Your ISP blocks the site's address

(In first place, it's unlikely your ISP is doing so. DNS name resolution and/or network problems are the usual culprits.)
There's nothing we can do. You should contact your ISP (or get a new one). Note that you can still visit the site via a proxy, follow the instructions in the relevant section. In this case it doesn't matter if the proxy is anonymous or not, or which port it listens to.

Notice that you will always be listed as an "unconnectable" client because the tracker will be unable to check that you're capable of accepting incoming connections.


Alternate port (81)

Some of our torrents use ports other than the usual HTTP port 80. This may cause problems for some users, for instance those behind some firewall or proxy configurations. You can easily solve this by editing the .torrent file yourself with any torrent editor, e.g. MakeTorrent, and replacing the announce url torrentbits.org:81 with torrentbits.org:80 or just torrentbits.org.

Editing the .torrent with Notepad is not recommended. It may look like a text file, but it is in fact a bencoded file. If for some reason you must use a plain text editor, change the announce url to torrentbits.org:80, not torrentbits.org. (If you're thinking about changing the number before the announce url instead, you know too much to be reading this.)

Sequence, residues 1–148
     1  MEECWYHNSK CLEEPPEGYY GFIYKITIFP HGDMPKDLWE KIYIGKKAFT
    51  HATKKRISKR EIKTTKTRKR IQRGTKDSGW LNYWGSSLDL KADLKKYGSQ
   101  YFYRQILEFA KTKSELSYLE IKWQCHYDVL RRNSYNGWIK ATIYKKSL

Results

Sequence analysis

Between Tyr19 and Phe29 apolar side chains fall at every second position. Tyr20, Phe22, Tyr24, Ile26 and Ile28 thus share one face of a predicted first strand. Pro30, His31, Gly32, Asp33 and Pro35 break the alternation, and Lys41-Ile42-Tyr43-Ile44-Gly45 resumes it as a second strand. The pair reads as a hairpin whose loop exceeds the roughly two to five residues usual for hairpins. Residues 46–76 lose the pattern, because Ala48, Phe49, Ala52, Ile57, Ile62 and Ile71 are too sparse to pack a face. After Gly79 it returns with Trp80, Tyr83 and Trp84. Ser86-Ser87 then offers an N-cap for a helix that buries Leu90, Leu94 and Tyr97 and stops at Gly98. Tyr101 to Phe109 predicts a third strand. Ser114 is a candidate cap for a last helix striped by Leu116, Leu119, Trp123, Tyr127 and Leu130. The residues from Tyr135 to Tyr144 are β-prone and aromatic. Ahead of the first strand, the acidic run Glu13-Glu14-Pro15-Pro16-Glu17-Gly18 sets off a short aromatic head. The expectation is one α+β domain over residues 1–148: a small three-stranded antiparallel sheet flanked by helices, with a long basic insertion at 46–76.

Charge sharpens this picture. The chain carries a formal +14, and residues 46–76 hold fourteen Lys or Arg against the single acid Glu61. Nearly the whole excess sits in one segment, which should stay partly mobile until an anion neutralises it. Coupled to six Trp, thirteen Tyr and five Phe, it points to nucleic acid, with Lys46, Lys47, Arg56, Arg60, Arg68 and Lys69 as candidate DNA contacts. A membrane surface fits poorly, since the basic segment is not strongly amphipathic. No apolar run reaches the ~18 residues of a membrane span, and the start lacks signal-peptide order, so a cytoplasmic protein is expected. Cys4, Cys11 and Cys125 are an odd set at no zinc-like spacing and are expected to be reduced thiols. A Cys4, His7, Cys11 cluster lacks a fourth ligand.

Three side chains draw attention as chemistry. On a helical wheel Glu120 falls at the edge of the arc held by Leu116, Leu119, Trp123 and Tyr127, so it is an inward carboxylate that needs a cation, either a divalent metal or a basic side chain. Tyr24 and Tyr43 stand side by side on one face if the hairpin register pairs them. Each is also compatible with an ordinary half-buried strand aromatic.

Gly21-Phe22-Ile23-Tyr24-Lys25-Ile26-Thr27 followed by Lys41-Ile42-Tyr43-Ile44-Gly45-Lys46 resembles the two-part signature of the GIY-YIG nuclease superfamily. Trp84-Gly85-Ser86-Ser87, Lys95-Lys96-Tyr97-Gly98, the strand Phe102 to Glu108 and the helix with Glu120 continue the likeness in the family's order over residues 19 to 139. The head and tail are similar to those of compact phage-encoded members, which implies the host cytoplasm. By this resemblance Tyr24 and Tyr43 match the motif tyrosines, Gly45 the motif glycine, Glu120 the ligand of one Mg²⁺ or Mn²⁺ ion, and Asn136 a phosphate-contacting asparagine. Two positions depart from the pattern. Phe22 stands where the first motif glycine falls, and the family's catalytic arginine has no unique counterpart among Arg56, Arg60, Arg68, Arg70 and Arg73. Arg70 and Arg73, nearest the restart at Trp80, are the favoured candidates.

What if I can't find the answer to my problem here?


Post in the Forums, by all means. You'll find they are usually a friendly and helpful place, provided you follow a few basic guidelines:
  • Make sure your problem is not really in this FAQ. There's no point in posting just to be sent back here.
  • Before posting read the sticky topics (the ones at the top). Many times new information that still hasn't been incorporated in the FAQ can be found there.
  • Help us in helping you. Do not just say "it doesn't work!". Provide details so that we don't have to guess or waste time asking. What client do you use? What's your OS? What's your network setup? What's the exact error message you get, if any? What are the torrents you are having problems with? The more you tell the easiest it will be for us, and the more probable your post will get a reply.
  • And needless to say: be polite. Demanding help rarely works, asking for it usually does the trick.

FAQ edited 2004-05-23 (22:26 GMT)